The members of JYJ have been harassed by sasaeng fans since the band's formation in 2009.[86] Some sasaeng fans have installed CCTV surveillance cameras near Park Yoochun’s home.[87] In another incident, the Korean Broadcasting System reports TVXQ member Yunho drank a beverage containing super glue[88] from an strange woman and received medical attention.[89] The anti-fan turned herself in the next day.[90][91]
In 2002, Time reported that television producers were arrested for "accepting under-the-table payments guaranteeing TV appearances to aspiring singers and musicians. According to Seoul District Prosecutor Kim Kyu Hun, the arrests of Hwang Yong Woo and Kim Jong Jin were just the first in a wide-ranging investigation into systemic corruption in South Korea's music business" Companies investigated included SidusHQ, SM Entertainment and others.[6]
K-pop companies are also criticized for taking advantage of their "idols" through overworking and restrictive contracts. In July 2009, SM Entertainment was taken to court by TVXQ and a Super Junior member alleging that working conditions had caused adverse health effects and other problems. Court hearings are still proceeding .[92][93]

[edit]Sales and market value
K-pop (in Korea) global music market rank
Year Physical* Digital
2005 27[94]
2006 27[95]
2007 32[96] 23[97]
2008 24[98]
2009 24[99] 14[97]
2010 21[100]
2011 11[97]
* includes albums, singles and DVDs sold
Most K-pop groups are owned by a handful of entertainment agencies.[101] To guarantee the high probability of success of new talent, talent agencies fully subsidize and oversee the professional lives and careers of trainees, often spending in excess of $400,000 to train and launch a new artist.[102] According to The Wall Street Journal, S.M. Entertainment and other South Korean entertainment companies have created a process to train singers and dancers in its groups. In many cases, idols enter the system at age nine or ten and live together in a house under tight rules. They attend school during the day and take singing and choreography classes at night.[103]
The Korean music industry grossed nearly $3.4 billion in the first half of 2012, which amounts to a 27.8% increase from the same period last year, according to Billboard.[104] Before the digital market took hold, the South Korean music industry was nearly destroyed in the early 2000s by the large amount of illegal file sharing, a problem threatening other countries at the time as well. In 2006, however, South Korea's digital music market surpassed the physical market,[105] with more than half of revenue coming from digital sales.[97] K-pop's social media presence on Korean and English websites such as Facebook and Youtube have also had a major impact on the size of its global market.[106] Viki, the video and music streaming website, has influenced global K-pop trends by providing translated subtitles for music videos.[107]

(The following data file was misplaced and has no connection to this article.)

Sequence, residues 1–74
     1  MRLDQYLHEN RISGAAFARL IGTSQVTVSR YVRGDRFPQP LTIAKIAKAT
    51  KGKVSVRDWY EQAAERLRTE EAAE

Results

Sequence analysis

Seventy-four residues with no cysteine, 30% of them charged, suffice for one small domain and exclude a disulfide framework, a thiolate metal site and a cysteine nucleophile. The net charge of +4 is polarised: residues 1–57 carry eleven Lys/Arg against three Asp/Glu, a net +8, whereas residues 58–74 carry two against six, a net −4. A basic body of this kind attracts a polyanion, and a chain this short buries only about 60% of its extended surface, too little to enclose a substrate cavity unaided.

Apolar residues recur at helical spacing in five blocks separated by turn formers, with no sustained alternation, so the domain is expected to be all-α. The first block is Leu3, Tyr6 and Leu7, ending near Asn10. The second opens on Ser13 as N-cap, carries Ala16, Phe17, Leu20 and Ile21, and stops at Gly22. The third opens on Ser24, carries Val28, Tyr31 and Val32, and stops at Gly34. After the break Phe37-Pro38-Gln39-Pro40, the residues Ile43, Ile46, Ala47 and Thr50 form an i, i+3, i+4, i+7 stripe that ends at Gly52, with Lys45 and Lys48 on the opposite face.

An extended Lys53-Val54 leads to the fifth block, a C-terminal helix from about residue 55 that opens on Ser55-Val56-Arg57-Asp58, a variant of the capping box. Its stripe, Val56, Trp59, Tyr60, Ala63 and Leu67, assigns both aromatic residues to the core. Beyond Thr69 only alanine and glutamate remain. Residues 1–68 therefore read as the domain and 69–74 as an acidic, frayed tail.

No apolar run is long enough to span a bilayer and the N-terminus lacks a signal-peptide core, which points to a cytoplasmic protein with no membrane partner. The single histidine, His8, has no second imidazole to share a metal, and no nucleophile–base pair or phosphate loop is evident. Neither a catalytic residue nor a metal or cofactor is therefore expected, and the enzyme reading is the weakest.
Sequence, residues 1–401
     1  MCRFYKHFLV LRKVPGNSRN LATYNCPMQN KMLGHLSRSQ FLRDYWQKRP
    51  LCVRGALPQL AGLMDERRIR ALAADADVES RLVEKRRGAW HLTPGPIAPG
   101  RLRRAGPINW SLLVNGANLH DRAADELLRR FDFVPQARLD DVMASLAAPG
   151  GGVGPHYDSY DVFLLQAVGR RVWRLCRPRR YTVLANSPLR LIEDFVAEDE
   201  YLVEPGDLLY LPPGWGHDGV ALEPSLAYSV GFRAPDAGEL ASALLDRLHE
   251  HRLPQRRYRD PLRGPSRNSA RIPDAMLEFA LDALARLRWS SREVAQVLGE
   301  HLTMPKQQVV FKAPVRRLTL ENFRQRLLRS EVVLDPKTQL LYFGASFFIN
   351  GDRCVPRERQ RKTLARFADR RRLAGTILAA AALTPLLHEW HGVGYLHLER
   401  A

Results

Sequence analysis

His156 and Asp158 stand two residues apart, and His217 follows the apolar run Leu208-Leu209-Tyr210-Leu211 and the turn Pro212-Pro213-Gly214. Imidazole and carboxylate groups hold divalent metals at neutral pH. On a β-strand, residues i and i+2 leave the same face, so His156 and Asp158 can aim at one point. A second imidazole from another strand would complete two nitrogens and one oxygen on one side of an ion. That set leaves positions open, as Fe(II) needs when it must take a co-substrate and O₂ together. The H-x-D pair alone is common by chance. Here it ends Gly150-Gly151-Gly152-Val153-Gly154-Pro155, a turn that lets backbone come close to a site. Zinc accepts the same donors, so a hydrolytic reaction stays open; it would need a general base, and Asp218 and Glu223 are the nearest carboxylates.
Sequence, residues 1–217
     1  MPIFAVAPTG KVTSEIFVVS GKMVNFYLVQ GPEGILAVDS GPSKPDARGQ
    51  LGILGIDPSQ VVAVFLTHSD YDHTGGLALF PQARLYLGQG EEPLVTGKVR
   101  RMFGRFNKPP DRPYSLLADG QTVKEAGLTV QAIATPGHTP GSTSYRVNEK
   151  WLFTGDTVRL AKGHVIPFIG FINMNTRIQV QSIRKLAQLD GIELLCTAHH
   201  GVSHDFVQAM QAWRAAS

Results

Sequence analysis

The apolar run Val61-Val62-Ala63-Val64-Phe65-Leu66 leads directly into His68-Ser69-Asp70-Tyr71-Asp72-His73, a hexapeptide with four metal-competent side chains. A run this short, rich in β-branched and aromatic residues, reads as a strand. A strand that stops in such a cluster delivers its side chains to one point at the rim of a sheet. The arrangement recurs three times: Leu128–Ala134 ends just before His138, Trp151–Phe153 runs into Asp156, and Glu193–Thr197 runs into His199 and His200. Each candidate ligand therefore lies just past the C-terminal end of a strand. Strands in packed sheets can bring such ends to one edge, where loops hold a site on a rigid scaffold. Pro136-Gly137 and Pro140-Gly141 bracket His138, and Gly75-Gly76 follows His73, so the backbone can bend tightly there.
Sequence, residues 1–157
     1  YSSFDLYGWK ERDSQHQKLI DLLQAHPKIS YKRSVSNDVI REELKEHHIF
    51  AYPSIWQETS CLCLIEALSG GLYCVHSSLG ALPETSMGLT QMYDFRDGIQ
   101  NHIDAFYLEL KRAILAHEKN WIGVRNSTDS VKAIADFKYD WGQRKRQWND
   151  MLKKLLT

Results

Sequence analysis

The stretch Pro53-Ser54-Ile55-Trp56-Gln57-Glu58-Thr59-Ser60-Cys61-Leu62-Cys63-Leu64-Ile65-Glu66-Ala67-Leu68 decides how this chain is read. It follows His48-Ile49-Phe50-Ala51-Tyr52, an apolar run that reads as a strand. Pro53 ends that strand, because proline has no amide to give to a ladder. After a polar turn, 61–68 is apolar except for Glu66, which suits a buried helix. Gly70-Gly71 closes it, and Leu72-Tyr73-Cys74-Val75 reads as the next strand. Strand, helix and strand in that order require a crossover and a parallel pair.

In 2011, 1,100 albums were released in South Korea. The hip-hop genre had the most among them at two-thirds of the total albums.[108] One-third of the albums were from other genres, including rock, modern folk, and crossover.[108] This shows that there is a variety of genres in South Korea outside that produced by K-pop idols.[108]
[edit]YouTube views
Of the 2.28 billion worldwide K-pop YouTube views in 2011, 240 million came from the United States, which was more than double that of 2010 (94 million).[33]
By country, about 47 percent of views for the viral video "Gangnam Style" came from the United States, 7 percent from the United Kingdom, 6.8 percent from Canada and 4 percent from South Korea.[109]
List of most viewed K-pop music videos on YouTube
Rank Artist(s) Title Year Notes Views
1 PSY "Gangnam Style" 2012 770
2 PSY feat. Hyuna "Oppa Is Just My Style" 2012 154
3 Girls' Generation "Gee" 2009 91
4 Girls' Generation "Mr. Taxi" (Dance Ver.) 2011 Japanese version 68
5 Girls' Generation "The Boys" 2011 62
6 Wonder Girls "Nobody" performance 2008 Live on M! Сountdown 59
7 2NE1 "I Am the Best" 2011 58
8 Girls' Generation "Oh!" 2010 58
9 Super Junior "Mr. Simple" 2011 55
10 Big Bang "Fantastic Baby" 2012 51
11 Super Junior "Bonamana" 2010 44
12 Girls' Generation "Run Devil Run" 2010 43
13 Super Junior "Sorry Sorry" 2009 41
14 Hyuna "Bubble Pop!" 2011 41
15 Big Bang & 2NE1 "Lollipop" 2009 40
16 KARA "Step" 2011 39
17 SHINee "Lucifer" 2010 37
18 SHINee "Ring Ding Dong" 2010 36
19 Sistar 19 "Ma Boy" 2011 Practice video 36
20 f(x) "Electric Shock" 2012 34
21 Big Bang "Haru Haru" 2008 32
22 2NE1 "Fire" 2009 32
23 Big Bang "Blue" 2012 31
24 Big Bang "Tonight" 2011 30
25 G-Dragon "Heartbreaker" 2009 30
26 TaeTiSeo "Twinkle" 2012 30
27 Super Junior "No Other" 2010 29
28 2NE1 "Lonely" 2011 29
* rounded to the nearest million
Last update: November 11, 2012
(Scroll to bottom of the page for past rankings)
[edit]List of K-pop artists

Main articles: List of South Korean idol groups and List of K-pop artists
[edit]See also

K-Pop idol
Cultural technology
Korean wave
Korean hip hop
2000s in music & 2010s in music
Contemporary culture of South Korea
South Korean music
Korean music
List of South Korean bands
List of Korea-related topics
Korean drama
Cinema of Korea
British Invasion